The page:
Brazil sinks Chile on penalties, through to the next round


It took well over 120 minutes, but we finally know who’s going through to the quarter-finals. And yes, it’s the hosts. Brazil kept Chile to a 1-1 draw throughout the second half and on through to extra time. Then came the penalties. Then came Brazil’s win.

The first half went by so quickly, it was hard to believe only 45 minutes had passed. Chile put their high pressing on display, although they took a more direct approach than in previous matches. Brazil were more content to sit back, but as always, Neymar was constantly ready with a threat. It made for quite a thrilling first half.

It took less than 20 minutes for the first goal to sink into the back of the net. It looked for all the world as though it had gone in off the leg of Chile defender Gonzalo Jara, but David Luiz celebrated with gusto, and the goal was ultimately credited to him. Either way, though, the goal certainly showcased Chile’s main weakness: their inability to defend on set pieces.

Chile found their equalizer through a lovely set-piece routine…from Brazil. Brazil won a throw-in near goal, but managed to surrender possession, leaving the Brazil defense slightly confounded. The ball eventually found its way to Alexis Sánchez, who wasted no time in driving a low shot to the far corner. Júlio César dove, but couldn’t quite reach the ball before it flew into the net.

It looked like Brazil would be back in front early in the second half, when a strike from Hulk flew past Claudio Bravo. However, Howard Webb called the goal back, booking the forward for a handball. Hulk appeared to control the ball with his upper arm, although whether it was deliberate enough to deserve a yellow was debatable.

The play then slowed considerably, although both sides certainly had their chances. Júlio César was forced into action around the 65th minute, after Mauricio Isla pulled back for Charles Aránguiz. The Toronto FC keeper was fast enough to send the ball wide, however.

Brazil came closest with a combination between Hulk and substitute Jô, on for Fred. Hulk sent in a cross, Eugenio Mena stuck out his leg, but couldn’t manage to connect with the ball. Instead Jô gave it a try, and end up putting his shot out of play. Hulk then had his own terrific chance, but his low drive was pushed away by Bravo.

With both sides even at 1-1 after 90 minutes of regulation time, we got treated to an additional 30 minutes, split into two 15 minute halves.

Almost immediately, Webb put himself in the hot seat again, letting a Jô kick on Claudio Bravo – one eerily reminiscent of the unwhistled Nigel de Jong kung fu kick on Xabi Alonso, also overseen by Webb – pass with nary a blink.

But with tired legs winning out, very little else  happened in the extra thirty minutes…until the 120th, that is. That’s when Mauricio Pinilla, on for Vidal, rattled the crossbar, giving the entire nation of Brazil heart attacks.

Then came the penalties. And there went Chile’s chance – with their very first kick. Pinilla sent his kick low, making it rather easy to save. While Willian completely missed his, Alexis Sánchez went low as well, and Júlio César saved again. That paved the way for Brazil to win: Hulk may have had his saved by Bravo, but after Neymar sunk his shot, Gonzalo Jara hit the post, ending the dream for Chile.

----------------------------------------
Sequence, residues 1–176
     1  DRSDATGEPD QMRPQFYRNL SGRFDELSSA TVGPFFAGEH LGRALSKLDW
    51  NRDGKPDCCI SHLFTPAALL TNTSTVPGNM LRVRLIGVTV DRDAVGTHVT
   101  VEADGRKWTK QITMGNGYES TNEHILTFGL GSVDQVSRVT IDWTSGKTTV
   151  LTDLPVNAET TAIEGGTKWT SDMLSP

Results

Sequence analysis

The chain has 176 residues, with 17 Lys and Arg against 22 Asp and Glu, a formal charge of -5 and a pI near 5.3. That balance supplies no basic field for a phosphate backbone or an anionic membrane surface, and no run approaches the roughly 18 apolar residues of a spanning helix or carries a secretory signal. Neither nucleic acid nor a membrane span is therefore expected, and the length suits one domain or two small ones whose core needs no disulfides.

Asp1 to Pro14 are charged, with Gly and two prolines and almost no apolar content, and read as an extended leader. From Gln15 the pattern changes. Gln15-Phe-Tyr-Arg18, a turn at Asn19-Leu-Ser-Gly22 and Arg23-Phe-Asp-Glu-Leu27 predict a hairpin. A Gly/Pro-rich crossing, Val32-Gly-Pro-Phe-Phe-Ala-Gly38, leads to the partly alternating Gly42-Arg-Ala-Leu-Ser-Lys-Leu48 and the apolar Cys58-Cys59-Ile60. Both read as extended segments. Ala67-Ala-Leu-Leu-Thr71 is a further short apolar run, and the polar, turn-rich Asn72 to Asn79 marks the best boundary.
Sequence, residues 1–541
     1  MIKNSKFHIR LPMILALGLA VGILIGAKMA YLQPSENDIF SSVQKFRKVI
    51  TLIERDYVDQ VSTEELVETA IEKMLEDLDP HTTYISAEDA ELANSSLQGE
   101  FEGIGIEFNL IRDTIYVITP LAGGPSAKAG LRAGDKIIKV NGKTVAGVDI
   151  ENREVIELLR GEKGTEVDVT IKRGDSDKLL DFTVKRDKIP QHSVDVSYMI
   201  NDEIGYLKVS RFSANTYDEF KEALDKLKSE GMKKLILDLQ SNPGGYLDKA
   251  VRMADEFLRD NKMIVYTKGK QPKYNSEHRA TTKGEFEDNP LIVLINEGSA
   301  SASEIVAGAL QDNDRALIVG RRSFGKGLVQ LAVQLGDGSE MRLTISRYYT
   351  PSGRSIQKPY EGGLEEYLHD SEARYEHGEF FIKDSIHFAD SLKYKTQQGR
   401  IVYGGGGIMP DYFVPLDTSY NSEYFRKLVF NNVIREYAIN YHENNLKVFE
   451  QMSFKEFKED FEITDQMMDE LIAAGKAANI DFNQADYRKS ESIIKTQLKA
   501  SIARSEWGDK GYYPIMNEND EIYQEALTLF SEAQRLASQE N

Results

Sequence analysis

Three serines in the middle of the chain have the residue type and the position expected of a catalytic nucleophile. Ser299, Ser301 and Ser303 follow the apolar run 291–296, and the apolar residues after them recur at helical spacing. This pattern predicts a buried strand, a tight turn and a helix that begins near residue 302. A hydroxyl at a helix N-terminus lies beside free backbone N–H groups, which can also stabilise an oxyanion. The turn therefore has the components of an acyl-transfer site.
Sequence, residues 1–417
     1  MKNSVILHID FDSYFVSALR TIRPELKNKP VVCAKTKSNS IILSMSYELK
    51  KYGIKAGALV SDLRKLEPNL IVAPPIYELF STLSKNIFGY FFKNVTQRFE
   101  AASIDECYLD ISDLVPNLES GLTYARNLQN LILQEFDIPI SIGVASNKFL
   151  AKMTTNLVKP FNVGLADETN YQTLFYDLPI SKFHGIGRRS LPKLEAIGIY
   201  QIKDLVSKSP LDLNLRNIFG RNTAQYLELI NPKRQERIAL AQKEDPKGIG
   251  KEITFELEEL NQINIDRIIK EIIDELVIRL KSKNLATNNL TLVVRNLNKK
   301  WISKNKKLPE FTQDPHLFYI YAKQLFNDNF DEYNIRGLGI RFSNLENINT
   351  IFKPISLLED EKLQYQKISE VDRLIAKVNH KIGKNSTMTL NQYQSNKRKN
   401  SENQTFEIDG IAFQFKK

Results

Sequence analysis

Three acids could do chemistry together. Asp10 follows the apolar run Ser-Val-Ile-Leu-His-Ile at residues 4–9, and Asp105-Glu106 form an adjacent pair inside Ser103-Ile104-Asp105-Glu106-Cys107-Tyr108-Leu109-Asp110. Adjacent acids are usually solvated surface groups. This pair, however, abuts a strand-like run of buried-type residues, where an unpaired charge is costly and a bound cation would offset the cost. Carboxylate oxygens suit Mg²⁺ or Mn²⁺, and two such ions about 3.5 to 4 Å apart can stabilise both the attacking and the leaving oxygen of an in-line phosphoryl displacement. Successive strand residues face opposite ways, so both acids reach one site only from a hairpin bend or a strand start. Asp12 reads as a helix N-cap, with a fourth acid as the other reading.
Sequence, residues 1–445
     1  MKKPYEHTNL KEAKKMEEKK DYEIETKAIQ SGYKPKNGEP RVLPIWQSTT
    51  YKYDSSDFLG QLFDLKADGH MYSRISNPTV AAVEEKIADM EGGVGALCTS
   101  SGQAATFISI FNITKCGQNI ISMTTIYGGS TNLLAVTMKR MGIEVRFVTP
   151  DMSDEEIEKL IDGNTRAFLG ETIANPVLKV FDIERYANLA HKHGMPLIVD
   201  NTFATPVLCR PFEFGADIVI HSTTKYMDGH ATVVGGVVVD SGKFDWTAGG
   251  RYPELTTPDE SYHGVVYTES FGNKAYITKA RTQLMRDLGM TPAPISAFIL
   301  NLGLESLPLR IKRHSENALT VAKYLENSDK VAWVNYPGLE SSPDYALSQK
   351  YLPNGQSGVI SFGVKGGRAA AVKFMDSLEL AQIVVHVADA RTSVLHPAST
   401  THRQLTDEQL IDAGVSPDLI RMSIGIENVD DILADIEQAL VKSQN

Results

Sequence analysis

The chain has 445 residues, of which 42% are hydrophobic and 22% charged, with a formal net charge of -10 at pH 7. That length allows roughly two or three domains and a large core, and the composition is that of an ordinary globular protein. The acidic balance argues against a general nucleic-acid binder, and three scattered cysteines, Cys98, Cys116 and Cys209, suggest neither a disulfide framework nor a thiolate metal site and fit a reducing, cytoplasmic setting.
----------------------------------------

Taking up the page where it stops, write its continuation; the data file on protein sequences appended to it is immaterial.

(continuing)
Brazil: Julio Cesar, Dani Alves, Thiago Silva, David Luiz, Marcelo; Luiz Gustavo, Fernandinho (Ramires 73), Oscar (Willian 105); Neymar, Hulk, Fred (Jô 64)

Goals: David Luiz 18′

Chile: Bravo; Silva, Medel (Rojas 108), Jara; Isla, Aranguiz, Diaz, Mena; Vidal (Pinilla 87); Sánchez, Vargas (Gutierrez 57)

Goals: Alexis Sánchez 32′

Report: Guardiola to take manager’s job at Man City next season

Pep Guardiola, Bayern Munich

Stop me if you’ve heard this one before: Manchester City desperately want to lure Pep Guardiola away from Bayern Munich and pay the Spaniard tactician lots and lots of money to come manage in the Premier League.

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Of course we’ve all heard it before — a number of times, in fact. So, what’s different about the latest report, hitting the headlines very late Thursday night in Europe, linking the 44-year-old to Man City?

Well, apparently, we’ve moved past “Man City will offer Guardiola whatever he wants to come to the Etihad Stadium,” and arrived at “Guardiola has agreed terms to become manager at Man City.”

However, the respected Spanish radio station Cadena COPE is reporting that Guardiola has already decided he would like “a change of scenery” and will succeed Manuel Pellegrini at the Etihad Stadium.

“Pep Guardiola will leave Bayern Munich at the end of this season and will train Manchester City next season,” read the report.

“Guardiola has decided on a change of scenery. He considers his time in Germany will end on 30 June after three seasons and, therefore, fulfil one of his wishes: to coach in England.”

With all due respect to every player Man City have signed in the last decade, the acquisition of Guardiola would be, by far, their greatest coup to date — a manager with a clear ethos, a clear plan of action and a track record of having succeeded and won in the UEFA Champions League, which remains the most elusive trophy to City’s cabinet.

Mourinho-Costa feud could mean January transfer activity for Chelsea

Diego Costa & Jose Mourinho, Chelsea FC
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Perhaps no man in the footballing world has been embroiled in more controversy this season than Jose Mourinho, who remains in charge of Chelsea despite a horrid start to the club’s 2015-16 Premier League campaign.